Privilege Access Management (PAM), also called Privileged Identity Management (PIM), Privileged Account Management, or just Privilege Management, involves the creation and deployment of solutions and strategies to manage privileged accounts across an environment. Holistic PAM solutions discover and bring under management all privileged accounts and credentials, both human and machine. These solutions remove admin rights from users, and instead, elevate privileges for authorized applications or tasks as-needed, ideally, in alignment with just-in-time access models. Application control capabilities are an important component of many PAM solutions, helping ensure only authorized applications execute approved functions or communications. While identity and access management (IAM) controls provide authentication of identities, PAM allows organizations to control authorization over ability to perform a granular activity. IAM and PAM solutions working together can help provide fine-grained control, visibility, and auditability over all credentials and privileges. The most mature PAM solutions can also extend least privilege management best practices beyond the perimeter to vendors and remote workers, ensuring more granular control than is possible with VPNs or other remote access tools. Privileged access management technologies, especially those that apply just-time-access, are also a principle enabler of zero trust environments.
Systems hardening, entailing the removal of superfluous programs, accounts, and services (such as with a server that connects to the internet), and the closing of unneeded firewall ports, is another common mechanism for applying least privilege. Systems hardening not only markedly improves security posture by reducing the attack surface, but it also reduces complexity and simplifies the environment. PAM solutions are also one of the many tools that enable organizations to harden devices, software, applications, and other assets.
How to Implement Least Privilege
Effective implementation of least privilege will involve policies, procedures, technologies—and proper configuration of those technologies. Formalizing a policy should also help you get a better handle on where your sensitive data resides, and who can access it.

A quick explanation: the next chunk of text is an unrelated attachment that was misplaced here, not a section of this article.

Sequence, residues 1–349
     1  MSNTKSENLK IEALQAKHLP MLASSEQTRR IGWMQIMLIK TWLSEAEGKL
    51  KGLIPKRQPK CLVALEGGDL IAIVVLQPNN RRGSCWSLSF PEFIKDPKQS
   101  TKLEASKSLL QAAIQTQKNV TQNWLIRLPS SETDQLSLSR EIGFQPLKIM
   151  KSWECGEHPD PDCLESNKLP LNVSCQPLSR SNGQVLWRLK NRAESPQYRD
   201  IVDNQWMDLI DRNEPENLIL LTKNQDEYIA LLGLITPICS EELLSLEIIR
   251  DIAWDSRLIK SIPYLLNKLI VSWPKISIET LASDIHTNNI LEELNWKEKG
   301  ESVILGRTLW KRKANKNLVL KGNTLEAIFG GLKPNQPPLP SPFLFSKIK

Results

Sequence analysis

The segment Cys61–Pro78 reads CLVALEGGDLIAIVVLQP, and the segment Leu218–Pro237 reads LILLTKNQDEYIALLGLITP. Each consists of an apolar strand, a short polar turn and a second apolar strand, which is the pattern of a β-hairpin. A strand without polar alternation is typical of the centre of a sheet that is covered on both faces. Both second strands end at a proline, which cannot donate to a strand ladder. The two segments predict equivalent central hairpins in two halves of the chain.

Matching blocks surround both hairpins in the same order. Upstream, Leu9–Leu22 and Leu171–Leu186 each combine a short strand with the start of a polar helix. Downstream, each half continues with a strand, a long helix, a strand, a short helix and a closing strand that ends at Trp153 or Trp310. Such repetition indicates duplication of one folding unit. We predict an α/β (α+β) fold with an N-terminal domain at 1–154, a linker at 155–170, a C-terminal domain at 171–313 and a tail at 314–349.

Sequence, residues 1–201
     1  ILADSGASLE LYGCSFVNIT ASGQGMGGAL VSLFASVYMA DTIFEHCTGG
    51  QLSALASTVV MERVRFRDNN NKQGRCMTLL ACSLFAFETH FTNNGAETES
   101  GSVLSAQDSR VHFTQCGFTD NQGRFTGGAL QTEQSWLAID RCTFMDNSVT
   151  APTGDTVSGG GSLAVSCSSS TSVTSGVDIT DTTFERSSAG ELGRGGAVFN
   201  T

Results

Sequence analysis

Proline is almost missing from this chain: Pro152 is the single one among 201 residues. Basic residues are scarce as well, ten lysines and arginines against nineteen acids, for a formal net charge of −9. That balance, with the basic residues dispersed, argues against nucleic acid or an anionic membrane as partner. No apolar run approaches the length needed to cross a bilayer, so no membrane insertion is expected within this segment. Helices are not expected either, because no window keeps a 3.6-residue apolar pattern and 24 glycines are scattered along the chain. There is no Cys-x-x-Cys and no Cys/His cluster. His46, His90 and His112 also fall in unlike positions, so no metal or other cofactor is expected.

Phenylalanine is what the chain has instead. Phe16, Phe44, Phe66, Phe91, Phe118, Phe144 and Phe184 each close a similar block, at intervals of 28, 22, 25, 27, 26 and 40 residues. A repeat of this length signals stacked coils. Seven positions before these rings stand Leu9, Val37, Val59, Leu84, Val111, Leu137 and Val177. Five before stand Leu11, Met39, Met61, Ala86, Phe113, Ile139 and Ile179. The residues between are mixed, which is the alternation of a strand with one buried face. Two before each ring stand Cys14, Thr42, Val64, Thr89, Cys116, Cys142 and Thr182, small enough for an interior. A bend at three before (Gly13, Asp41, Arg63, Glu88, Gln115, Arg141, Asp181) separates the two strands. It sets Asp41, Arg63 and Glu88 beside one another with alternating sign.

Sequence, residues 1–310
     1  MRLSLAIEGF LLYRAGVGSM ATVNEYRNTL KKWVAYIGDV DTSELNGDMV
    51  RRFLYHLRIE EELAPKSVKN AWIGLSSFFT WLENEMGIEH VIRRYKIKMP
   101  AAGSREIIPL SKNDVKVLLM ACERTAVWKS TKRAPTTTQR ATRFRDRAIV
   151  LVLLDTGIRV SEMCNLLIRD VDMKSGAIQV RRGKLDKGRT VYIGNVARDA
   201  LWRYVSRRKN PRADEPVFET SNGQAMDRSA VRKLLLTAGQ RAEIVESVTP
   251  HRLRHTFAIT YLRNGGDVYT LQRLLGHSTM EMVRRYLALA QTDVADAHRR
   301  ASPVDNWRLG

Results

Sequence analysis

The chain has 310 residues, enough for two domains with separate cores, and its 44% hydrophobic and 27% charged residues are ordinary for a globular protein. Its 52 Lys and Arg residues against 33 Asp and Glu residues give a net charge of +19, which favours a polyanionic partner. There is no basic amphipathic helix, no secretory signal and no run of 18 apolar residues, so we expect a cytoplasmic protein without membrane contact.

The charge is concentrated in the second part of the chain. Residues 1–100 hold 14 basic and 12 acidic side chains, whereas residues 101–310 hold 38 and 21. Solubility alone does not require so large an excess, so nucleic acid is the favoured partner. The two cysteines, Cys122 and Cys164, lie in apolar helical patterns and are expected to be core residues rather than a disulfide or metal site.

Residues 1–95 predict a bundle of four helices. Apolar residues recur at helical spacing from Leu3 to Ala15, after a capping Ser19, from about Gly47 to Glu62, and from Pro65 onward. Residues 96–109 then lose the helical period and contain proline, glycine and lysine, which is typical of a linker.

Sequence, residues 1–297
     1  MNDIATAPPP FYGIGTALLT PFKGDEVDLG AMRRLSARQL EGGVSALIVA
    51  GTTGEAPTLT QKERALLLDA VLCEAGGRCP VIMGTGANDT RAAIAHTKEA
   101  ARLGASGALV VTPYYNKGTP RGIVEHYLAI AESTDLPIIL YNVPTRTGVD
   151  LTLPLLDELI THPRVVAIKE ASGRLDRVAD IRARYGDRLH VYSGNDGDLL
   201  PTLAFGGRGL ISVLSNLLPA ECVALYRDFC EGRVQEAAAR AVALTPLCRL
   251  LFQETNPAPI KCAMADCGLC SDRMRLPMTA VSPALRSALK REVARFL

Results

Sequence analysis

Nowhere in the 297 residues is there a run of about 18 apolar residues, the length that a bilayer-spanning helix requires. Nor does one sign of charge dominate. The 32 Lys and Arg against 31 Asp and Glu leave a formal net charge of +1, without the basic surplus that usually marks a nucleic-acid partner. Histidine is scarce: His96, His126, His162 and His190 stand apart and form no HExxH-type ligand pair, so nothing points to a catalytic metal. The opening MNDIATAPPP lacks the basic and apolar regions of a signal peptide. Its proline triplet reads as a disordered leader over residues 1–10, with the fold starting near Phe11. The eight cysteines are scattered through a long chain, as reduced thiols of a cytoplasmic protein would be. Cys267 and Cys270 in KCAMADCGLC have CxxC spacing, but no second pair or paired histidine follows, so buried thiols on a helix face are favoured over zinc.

Most likely, various aspects of least privilege will need to be phased in over time, rather than implemented all at once. While many organizations tackle privilege management challenges in a similar order, the best path forward for any organization will always be tailored to its unique needs and resources.
The more mature a least-privilege policy implementation, the more effective an organization will be in condensing the attack surface, minimizing threat windows, mitigating the impact of attacks (by hackers, malware, or insiders), enhancing operational performance, and in reducing the risk from and impact of user errors.
Least Privilege Management Resources
- Microsoft Vulnerabilities Report (research report)
- Privilege Management Overview (video)
- Endpoint Privilege Management (video)
- Removing Users From The Local Administrators Group (blog)
- The Gartner 2020 Magic Quadrant for Privileged Access Management (analyst research)
- The Forrester Wave™: Privileged Identity Management, Q4 2020 (analyst research)
- Privileged Access Management (PAM) Buyer’s Guide & Checklist
- Delegating Privileges to Domain Controllers and Active Directory without the Security Risk (blog)
- Best Practices for Managing Domain Admin Accounts (blog)
- The Guide to Just-In-Time Privileged Access Management (white paper)
Matt Miller, Director, Content Marketing
Matt Miller is Director, Content Marketing at BeyondTrust. Prior to BeyondTrust, he developed and executed marketing strategies on cyber security and cloud technologies in roles at Accelerite (a business unit of Persistent Systems), WatchGuard Technologies, and Microsoft. Earlier in his career Matt held various roles in IR, marketing, and corporate communications in the biotech / biopharmaceutical industry. His experience and interests traverse cyber security, cloud / virtualization, IoT, economics, information governance, and risk management. He is also an avid homebrewer (working toward his Black Belt in beer) and writer.